Repairing Flying Cloud Drive

In Minnesota work is underway reconstructing Flying Cloud Drive. The area’s topography, characterised by the lowlands of the Minnesota River floodplain located south of the highway and the rolling, steep slopes of the river bluffs to the north, as well as the challenging soil and groundwater conditions have required the use of advanced drilling techniques to provide effective slope stabilisation.
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A Comacchio MC 28 HD with double-head system is being used to install temporary casing on the Flying Cloud Drive project in Minnesota

Located a few kilometres outside Minneapolis, in the state of Minnesota, USA, the Hennepin County State Aid Highway (CSAH) 61, known locally as Flying Cloud Drive, is an important regional arterial that has historically been a key route in the regional roadway system of Hennepin County, in South-Eastern Minnesota.

The County, in coordination with Minnesota Department of Transportation (MnDOT), Carver County, and the cities of Eden Prairie and Chanhassen is reconstructing Flying Cloud Drive between Charlson Road and Highway 101.

The project involves the reconstruction of approximately 3.65 miles (5.9km) of highway. Improvements include the reconstruction of the two-lane highway segment as an urban three-lane section with curb and gutter, a continuous central left turn lane, right turn lanes and other safety improvements (lighting, skew corrections, etc.) at key intersections. The new roadway will replace the existing pavement and improve the driving surface and safety along the corridor.

The roadway will also be raised in several locations above the 100-year floodplain to help minimise the potential for transportation disruptions such as road closures during Minnesota River flood events.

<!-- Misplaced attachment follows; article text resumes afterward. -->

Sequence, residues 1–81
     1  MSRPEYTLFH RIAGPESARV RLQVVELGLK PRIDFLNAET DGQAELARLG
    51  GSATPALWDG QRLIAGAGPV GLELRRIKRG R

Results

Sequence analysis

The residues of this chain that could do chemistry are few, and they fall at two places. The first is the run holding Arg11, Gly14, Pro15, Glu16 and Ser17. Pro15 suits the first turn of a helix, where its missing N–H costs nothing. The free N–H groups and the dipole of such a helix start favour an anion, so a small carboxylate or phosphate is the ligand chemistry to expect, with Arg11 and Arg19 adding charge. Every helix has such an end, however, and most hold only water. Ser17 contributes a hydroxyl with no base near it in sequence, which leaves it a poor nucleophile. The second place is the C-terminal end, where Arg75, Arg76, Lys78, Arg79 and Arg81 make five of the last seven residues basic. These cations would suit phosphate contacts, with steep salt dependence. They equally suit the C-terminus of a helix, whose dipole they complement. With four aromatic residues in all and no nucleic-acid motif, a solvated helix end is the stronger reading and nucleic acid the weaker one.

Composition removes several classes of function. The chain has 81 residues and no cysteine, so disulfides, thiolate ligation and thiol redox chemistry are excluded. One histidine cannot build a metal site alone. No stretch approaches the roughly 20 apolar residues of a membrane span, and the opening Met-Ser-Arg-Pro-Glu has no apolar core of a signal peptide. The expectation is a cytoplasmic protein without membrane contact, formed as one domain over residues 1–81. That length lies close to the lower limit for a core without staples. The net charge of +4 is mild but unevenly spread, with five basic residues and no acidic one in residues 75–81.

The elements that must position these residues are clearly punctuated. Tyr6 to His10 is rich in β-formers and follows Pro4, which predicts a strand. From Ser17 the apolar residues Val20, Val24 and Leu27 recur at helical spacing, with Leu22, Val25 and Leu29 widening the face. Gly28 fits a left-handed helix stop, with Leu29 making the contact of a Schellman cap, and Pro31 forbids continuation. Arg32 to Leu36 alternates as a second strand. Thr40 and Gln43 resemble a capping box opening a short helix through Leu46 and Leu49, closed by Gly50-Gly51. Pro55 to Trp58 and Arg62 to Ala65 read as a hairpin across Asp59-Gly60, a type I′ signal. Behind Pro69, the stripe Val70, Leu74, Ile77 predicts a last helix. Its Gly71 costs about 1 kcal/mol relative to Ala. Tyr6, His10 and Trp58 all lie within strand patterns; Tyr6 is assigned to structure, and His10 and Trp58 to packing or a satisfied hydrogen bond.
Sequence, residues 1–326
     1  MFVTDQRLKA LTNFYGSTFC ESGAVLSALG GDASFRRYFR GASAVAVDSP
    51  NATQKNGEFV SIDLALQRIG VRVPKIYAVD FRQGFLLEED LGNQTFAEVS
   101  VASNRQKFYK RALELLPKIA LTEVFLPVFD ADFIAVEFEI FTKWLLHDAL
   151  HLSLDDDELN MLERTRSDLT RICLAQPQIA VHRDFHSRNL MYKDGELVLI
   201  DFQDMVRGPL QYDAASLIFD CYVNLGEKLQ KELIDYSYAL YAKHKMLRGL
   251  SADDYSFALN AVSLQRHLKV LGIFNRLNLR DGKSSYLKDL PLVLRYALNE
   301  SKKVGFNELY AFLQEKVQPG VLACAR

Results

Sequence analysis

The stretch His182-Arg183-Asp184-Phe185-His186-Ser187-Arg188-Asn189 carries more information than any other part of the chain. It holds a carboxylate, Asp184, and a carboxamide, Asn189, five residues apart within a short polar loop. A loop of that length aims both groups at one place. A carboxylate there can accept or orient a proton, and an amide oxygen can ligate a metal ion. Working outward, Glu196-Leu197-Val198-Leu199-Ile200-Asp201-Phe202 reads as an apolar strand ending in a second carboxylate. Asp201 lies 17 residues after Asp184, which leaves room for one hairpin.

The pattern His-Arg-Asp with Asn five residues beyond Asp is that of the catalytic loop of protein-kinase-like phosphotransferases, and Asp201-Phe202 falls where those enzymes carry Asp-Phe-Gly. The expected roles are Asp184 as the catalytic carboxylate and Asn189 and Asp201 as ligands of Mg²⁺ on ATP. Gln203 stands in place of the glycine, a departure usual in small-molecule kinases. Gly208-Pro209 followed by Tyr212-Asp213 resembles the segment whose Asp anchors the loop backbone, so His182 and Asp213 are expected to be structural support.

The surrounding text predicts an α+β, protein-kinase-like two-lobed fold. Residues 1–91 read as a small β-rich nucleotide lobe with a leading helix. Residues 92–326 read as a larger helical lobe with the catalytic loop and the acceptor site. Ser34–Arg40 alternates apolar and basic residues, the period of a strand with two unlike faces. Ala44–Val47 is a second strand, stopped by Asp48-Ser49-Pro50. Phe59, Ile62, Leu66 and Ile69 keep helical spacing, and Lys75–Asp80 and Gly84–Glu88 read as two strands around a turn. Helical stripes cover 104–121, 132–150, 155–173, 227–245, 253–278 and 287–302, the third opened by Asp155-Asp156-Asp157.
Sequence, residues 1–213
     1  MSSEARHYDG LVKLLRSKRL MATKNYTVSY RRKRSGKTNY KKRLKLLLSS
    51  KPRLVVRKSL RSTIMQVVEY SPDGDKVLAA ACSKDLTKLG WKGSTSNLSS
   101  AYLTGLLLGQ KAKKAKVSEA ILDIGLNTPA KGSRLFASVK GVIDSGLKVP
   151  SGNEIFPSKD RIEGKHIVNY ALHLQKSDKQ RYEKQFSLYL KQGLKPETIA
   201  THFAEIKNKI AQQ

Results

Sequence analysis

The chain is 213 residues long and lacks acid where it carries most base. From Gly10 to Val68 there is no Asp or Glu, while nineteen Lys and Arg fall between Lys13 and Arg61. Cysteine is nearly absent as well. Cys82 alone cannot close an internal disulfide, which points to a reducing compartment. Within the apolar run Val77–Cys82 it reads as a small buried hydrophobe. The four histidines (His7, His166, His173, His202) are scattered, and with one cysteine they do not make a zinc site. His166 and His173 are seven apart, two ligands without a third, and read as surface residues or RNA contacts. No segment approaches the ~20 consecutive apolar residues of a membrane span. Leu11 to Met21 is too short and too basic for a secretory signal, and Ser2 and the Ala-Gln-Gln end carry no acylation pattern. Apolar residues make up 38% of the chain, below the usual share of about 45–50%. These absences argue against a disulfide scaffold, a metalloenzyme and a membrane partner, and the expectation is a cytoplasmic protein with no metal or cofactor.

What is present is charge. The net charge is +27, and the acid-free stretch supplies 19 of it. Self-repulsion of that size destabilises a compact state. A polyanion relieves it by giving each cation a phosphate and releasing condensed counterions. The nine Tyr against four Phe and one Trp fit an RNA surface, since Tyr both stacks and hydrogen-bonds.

The project will also add a multi-use trail along the north side of the road that will connect to existing and planned trails at both the east and west ends of the project area, filling the gap in the trail network from Shakopee to Eden Prairie.

Portions of the landscape adjacent to the highway corridor remain undeveloped and consist of forested areas, wetlands and floodplain areas that are home to a variety of wildlife species. That is why several design modifications (minor alignment shifts, retaining walls, steep side slopes, use of guardrail, etc.) have been incorporated into the design of the proposed roadway improvements to avoid and minimise impacts to wildlife habitat, rare plant communities, and sensitive ecological resources.

The project also involves several drainage and water management features to collect and treat stormwater runoff from the new roadway and trail surfaces, improving water quality in nearby wetlands that act as filters for the water that will eventually flow into the nearby Minnesota River.

Project construction requires major grading and excavation, as well as permanent and temporary right-of-way easements and full closures to through traffic in order to construct and maintain the roadway facility.

The project is being carried out in two stages. The first stage was completed between spring and autumn of 2018 and included: reconstruction of the Riley Creek Bridge; reconstruction of Flying Cloud Drive between Spring Road and Charlson Road; construction of retaining walls; and realignment of Spring Road and paving the new road.

The second stage started in autumn of 2018, will take between 12 and 14 months to complete and involves working on Flying Cloud Drive from Spring Road and Highway 101.

Soil conditions

Soils in the Minnesota River bottomlands in the project area belong to the Alluvial Land-Chaska-Oshawa Association. These are characteristically poorly drained medium textured to moderately fine textured soils. Native soils along the project alignment include marsh, alluvial land, alluvial land frequently flooded, and Terril loam. Soils in the existing roadway embankment consist of fill soils, such as silty sand, silty loam, loamy sand, sandy loam and sandy clay loam. The marsh soils consist of peat and organic clays of low and high plasticity.